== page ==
_______________

9.9.4.2. Fire Separations for Exits

1) Except as provided in Sentences (2) and (5) and Article 9.9.8.5., every exitother than an exterior doorway shall be separated from each adjacent floor area or from another exit

a) where there is a floor assembly above the floor area, by a fire separation having a fire-resistance rating not less than that required for the floor assembly above the floor area (see Article 9.10.9.10.), and

b) where there is no floor assembly above the floor area, by a fire separation having a fire-resistance rating not less than the greater of

i) that required by Subsection 9.10.8. for the floor assembly below, or

ii) 45 min.

2) Where an exit is located in a house with a secondary suite including their common spaces, the exit shall be protected by a continuous smoke-tight barrier of not less than 12.7 mm thick gypsum board installed on

a) both sides of walls separating the exit from the remainder of the building, and

b) the underside of floor-ceiling framing separating the exit from the remainder of the building. (See Sentence 9.10.9.3.(2) for closures.)

3) A fire separation common to 2 exits shall be smoke-tight and not be pierced by doorways, duct work, piping or any other opening that may affect the continuity of the separation.

4) A fire separation that separates an exit from the remainder of the building shall have no openings except those for electrical wiring, noncombustibleconduit and noncombustible piping that serve only the exit, and for standpipes, sprinkler piping, exit doorways and wired glass and glass block permitted in Article 9.9.4.3.

5) The requirements in Sentences (1) and (2) do not apply to an exterior exit passageway provided the passageway has not less than 50% of its exterior sides open to the outdoors and is served by an exit stair at each end of the passageway.

_______________

9.9.4.4. Openings Near Unenclosed Exterior Exit Stairs and Ramps

1) Unprotected openings in exterior walls of the building shall be protected with wired glass in fixed steel frames or glass block conforming to Articles 9.10.13.5. and 9.10.13.7., where

a) an unenclosed exterior exit stair or ramp provides the only means of egress from a suite and is exposed to fire from unprotected openings in the exterior walls of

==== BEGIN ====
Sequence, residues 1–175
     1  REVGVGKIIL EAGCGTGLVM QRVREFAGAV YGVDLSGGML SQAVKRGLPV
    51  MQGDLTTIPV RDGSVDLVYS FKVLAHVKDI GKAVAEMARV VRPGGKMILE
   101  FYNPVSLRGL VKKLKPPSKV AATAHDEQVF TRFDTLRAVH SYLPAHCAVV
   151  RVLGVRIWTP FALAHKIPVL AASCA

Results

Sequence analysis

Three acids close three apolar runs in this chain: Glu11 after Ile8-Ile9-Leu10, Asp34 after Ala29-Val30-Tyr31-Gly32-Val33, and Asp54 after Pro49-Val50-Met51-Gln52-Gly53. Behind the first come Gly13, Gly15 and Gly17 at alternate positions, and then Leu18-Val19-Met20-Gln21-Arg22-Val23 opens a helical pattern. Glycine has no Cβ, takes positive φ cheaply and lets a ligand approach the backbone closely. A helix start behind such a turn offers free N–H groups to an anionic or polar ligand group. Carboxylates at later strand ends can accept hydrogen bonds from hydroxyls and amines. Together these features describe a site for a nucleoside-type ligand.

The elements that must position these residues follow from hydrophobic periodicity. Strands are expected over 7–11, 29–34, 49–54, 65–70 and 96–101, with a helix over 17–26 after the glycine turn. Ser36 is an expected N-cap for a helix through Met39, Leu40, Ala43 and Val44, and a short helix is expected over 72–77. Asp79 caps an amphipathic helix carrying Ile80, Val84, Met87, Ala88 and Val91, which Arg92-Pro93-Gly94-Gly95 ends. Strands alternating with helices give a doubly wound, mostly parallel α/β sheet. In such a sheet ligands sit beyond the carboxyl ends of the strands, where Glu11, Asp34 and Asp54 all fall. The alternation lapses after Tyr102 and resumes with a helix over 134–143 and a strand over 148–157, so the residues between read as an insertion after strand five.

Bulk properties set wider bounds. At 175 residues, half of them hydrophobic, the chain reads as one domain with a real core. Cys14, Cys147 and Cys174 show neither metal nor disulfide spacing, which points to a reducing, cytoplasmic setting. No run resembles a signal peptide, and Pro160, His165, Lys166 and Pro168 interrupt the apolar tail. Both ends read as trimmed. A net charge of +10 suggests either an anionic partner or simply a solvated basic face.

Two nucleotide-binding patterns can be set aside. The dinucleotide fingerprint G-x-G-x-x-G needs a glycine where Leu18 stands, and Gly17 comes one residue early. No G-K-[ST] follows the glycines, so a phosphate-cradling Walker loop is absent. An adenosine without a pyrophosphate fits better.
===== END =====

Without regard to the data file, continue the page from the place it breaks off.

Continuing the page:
i) another fire compartment, or

ii) another dwelling unit, ancillary space or common space in a house with a secondary suite, and

b) unprotected openings in the exterior walls of the building are within 3 m horizontally and less than 10 m below or less than 5 m above the exitstair or ramp.

_______________

9.9.10.1. Egress Windows or Doors for Bedrooms

1) Except where the suite is sprinklered, each bedroom or combination bedroom shall have at least one outside window or exterior door openable from the inside without the use of keys, tools or special knowledge and without the removal of sashes or hardware. (See Article 9.5.1.2. and Note A-9.9.10.1.(1).)

2) The window referred to in Sentence (1) shall

a) provide an unobstructed opening of not less than 0.35 m2 in area with no dimension less than 380 mm, and

b) maintain the required opening during an emergency without the need for additional support. (See Note A-9.9.10.1.(2).)

3) Where a window required in Sentence (1) opens into a window well, a clearance of not less than 760 mm shall be provided in front of the window. (See Note A-9.9.10.1.(3).)

4) Where the sash of a window referred to in Sentence (3) swings towards the window well, the operation of the sash shall not reduce the clearance in a manner that would restrict escape in an emergency.

5) Where a protective enclosure is installed over the window well referred to in Sentence (3), the enclosure shall be openable from the inside without the use of keys, tools or special knowledge of the opening mechanism.



Recent Single Stair, Spiral Stair and Subversive Egress Projects in Montreal